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Investigating the interplay between oxygen and nutrients – how does oxygen keep us healthy?

Principal Supervisor: Dr. Daniel Tennant, Institute of Metabolism and Systems Research

Co-supervisor: Dr. Christian Ludwig, Institute of Metabolism and Systems Research

PhD project title: Investigating the interplay between oxygen and nutrients – how does oxygen keep us healthy?

University of Registration: University of Birmingham


Project outline:

General Background

When mammals move into lower oxygen environments an immediate physiological response is triggered by the carotid body sensing changes in arterial oxygen content. Amongst other phenotypes, this elicits an increased ventilatory rate and perfusion. However, every one of the cells within the body is capable of sensing changes in oxygen tension, and their metabolic response is critical for the ongoing survival of the animal when exposed to low oxygen (hypoxia). One major class of enzymes responsible for altering the cell phenotype in response to hypoxia is the 2-oxoglutarate-dependent dioxygenase superfamily.

The Tennant research group is investigating how loss of activity of these enzymes in hypoxia can influence the metabolic physiology of animals. Importantly, we are particularly interested in whether changes in oxygenation during our lives can lead to metabolic perturbations that interfere with normal tissue function. Our studies are improving our understanding of how the cells in our body link together the environment in which we live (i.e. oxygen level) with how we process different nutrients – such as during foetal development, exercise, or living at altitude. However, importantly, it also sheds light on how our metabolism may change if tissues are starved of oxygen, such as happens during surgery, or as part of a chronic disease process (e.g. cardiovascular disease, diabetes, obstructive sleep apnoea).

The EGLN family of enzymes within the superfamily of dioxygenases is of particular interest to us. They were originally identified as being responsible for the control of the hypoxia-inducible transcription factor, HIF1, but since then a number of additional functions have been identified. We recently found that members of this family can control both sugar and fat metabolism, providing a fascinating link between normal tissue oxygenation and maintenance of a ‘healthy’ metabolism.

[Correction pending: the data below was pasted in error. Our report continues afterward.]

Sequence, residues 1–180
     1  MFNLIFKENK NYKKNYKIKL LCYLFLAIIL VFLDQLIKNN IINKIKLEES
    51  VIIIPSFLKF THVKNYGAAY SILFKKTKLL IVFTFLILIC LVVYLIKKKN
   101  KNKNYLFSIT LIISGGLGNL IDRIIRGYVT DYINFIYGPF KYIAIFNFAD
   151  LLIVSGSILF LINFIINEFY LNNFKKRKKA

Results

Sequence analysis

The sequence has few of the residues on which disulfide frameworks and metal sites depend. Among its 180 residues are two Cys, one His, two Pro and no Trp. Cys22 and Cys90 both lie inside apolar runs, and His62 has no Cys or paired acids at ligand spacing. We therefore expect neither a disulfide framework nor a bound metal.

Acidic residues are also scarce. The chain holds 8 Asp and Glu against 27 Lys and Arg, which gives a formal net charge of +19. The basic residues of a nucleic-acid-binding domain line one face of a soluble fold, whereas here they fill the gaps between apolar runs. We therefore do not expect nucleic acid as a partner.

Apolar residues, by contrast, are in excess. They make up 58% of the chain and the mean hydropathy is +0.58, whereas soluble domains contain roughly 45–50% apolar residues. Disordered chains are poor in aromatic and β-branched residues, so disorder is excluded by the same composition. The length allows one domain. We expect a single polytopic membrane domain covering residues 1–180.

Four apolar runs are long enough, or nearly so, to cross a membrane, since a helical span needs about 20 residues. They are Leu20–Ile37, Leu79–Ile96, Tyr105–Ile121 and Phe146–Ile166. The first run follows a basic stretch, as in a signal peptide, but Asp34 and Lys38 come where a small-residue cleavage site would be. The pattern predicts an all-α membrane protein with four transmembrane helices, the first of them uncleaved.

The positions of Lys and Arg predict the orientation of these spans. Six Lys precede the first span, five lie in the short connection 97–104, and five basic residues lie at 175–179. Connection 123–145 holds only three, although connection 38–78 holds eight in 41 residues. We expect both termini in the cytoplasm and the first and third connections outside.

The Overall Objective of this project will be to define how the function of the EGLN family of enzymes influences the way in which nutrients are used by mammalian cells.

Methods: To carry out our studies we will use stable isotope (13C and 15N) enriched metabolic tracing in both cells and the Egln knockout animals that we have in the research group. This means that we can follow how specific nutrients – such as glucose and fatty acids – are used by normal cells compared to those lacking EGLN enzymes. Both mass spectrometry and NMR spectroscopy will be used to trace the fate of each nutrient, allowing us to determine exactly how metabolism is altered.


References:

  • Wheaton and Chandel. Hypoxia 2: Hypoxia regulates cellular metabolism. Am J Physiol Cell Physiol (2011). 300(3):C385-393
  • Eales et al. Hypoxia and metabolic adaptation of cancer cells. Oncogenesis (2016). 5, e190
     

BBSRC Strategic Research Priority: Molecules, Cells and Systems


Techniques that will be undertaken during the project:
 

  • Mammalian cell culture
  • CRISPR/Cas9 generation of knockout cell lines
  • Work with GEM models
  • Stable isotope-enriched metabolic tracer studies
  • GC-MS
  • NMR spectroscopy
  • LC-MS analyses


Contact: Dr. Daniel Tennant, Institute of Metabolism and Systems Research